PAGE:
Output adapter 532 is provided to illustrate that there are some output devices 530 like monitors, speakers, and printers, among other output devices 530, which are accessible via adapters. The output adapters 532 include, by way of illustration and not limitation, video and sound cards that provide a means of connection between the output device 530 and the system bus 508. It can be noted that other devices and systems of devices provide both input and output capabilities such as remote computing devices 534.

The computer 502 can be a server hosting various software applications in a networked environment using logical connections to one or more remote computers, such as remote computing devices 534. The remote computing devices 534 may be client systems configured with web browsers, PC applications, mobile phone applications, and the like. The remote computing devices 534 can be a personal computer, a server, a router, a network PC, a workstation, a microprocessor-based appliance, a mobile phone, a peer device or other common network node and the like, and typically includes many or all of the elements described relative to the computer 502.

Remote computing devices 534 can be logically connected to the computer 502 through a network interface 536 and then connected via a communication connection 538, which may be wireless. Network interface 536 encompasses wireless communication networks such as local-area networks (LAN) and wide-area networks (WAN). LAN technologies include Fiber Distributed Data Interface (FDDI), Copper Distributed Data Interface (CDDI), Ethernet, Token Ring and the like. WAN technologies include, but are not limited to, point-to-point links, circuit switching networks like Integrated Services Digital Networks (ISDN) and variations thereon, packet switching networks, and Digital Subscriber Lines (DSL).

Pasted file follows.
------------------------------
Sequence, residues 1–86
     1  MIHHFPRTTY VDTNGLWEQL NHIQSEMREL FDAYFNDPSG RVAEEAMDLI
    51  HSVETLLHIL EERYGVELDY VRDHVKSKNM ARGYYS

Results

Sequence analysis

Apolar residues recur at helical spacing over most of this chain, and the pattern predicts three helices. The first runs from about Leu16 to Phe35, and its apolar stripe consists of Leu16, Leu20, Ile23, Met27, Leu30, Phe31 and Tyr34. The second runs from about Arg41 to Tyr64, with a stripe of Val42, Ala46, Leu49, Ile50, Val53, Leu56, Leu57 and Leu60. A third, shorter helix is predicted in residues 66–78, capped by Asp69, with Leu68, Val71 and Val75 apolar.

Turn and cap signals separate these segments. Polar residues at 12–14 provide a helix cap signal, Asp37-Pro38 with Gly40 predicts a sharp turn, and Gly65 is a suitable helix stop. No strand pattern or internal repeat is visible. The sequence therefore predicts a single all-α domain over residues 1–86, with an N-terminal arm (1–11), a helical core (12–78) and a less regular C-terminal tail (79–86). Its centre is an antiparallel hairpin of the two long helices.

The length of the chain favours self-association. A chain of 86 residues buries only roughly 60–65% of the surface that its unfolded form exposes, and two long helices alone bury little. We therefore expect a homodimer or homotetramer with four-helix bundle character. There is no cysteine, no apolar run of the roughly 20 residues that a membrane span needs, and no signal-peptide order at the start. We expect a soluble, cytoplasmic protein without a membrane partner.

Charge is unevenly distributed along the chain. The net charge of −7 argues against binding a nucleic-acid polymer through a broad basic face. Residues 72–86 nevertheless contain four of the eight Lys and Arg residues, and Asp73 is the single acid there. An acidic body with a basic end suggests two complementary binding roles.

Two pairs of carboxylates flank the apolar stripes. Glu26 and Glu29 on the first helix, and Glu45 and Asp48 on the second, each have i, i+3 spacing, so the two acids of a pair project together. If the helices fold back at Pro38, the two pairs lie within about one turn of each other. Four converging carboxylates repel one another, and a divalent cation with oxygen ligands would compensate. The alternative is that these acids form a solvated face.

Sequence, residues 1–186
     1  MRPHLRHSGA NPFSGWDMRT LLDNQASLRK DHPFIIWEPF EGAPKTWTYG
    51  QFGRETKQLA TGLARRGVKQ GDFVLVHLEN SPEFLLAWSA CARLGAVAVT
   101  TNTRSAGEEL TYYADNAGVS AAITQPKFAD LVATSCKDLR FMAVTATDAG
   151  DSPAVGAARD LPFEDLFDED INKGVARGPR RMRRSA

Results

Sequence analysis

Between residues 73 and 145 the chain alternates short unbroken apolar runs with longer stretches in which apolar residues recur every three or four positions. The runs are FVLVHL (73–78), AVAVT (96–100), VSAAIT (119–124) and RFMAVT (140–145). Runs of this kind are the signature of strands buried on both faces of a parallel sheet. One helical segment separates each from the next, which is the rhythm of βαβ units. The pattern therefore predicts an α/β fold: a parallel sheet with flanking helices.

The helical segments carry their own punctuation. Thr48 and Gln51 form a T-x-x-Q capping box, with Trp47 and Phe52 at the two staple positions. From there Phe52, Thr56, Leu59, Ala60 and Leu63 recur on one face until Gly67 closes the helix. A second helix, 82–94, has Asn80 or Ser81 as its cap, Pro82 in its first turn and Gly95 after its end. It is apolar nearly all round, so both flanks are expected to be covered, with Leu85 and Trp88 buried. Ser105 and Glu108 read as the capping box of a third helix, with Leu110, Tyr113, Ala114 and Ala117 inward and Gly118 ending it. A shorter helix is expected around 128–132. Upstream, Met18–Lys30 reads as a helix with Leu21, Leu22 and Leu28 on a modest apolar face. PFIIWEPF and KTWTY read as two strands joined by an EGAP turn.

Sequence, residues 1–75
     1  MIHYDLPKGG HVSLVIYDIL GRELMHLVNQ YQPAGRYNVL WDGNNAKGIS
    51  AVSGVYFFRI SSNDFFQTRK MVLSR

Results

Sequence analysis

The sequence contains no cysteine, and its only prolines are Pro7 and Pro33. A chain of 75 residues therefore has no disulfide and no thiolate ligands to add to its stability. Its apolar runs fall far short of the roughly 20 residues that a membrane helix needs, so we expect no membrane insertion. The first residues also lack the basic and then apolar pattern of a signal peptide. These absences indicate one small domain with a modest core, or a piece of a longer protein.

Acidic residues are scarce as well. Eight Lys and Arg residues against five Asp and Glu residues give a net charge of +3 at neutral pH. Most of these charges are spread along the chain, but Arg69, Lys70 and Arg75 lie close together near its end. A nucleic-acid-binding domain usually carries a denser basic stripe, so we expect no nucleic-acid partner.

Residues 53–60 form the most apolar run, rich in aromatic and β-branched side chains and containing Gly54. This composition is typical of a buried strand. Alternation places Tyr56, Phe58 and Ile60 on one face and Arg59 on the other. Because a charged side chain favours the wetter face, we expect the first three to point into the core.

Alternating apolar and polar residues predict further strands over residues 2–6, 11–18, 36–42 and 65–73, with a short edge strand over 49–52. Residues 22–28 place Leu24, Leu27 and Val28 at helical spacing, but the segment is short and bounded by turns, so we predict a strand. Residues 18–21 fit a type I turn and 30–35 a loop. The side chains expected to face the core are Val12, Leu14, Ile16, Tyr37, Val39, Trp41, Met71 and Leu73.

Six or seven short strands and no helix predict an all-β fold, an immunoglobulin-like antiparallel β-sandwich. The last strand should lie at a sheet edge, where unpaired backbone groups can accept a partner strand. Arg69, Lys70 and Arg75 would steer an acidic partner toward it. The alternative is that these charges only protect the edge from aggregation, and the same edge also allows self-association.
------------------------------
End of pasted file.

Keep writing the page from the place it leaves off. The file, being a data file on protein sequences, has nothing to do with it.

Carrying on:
Communication connection 538 refers to the hardware/software employed to connect the network interface 536 to the bus 508. While communication connection 538 is shown for illustrative clarity inside computer 502, it can also be external to the computer 502. The hardware/software for connection to the network interface 536 may include, for exemplary purposes, internal and external technologies such as, mobile phone switches, modems including regular telephone grade modems, cable modems and DSL modems, ISDN adapters, and Ethernet cards.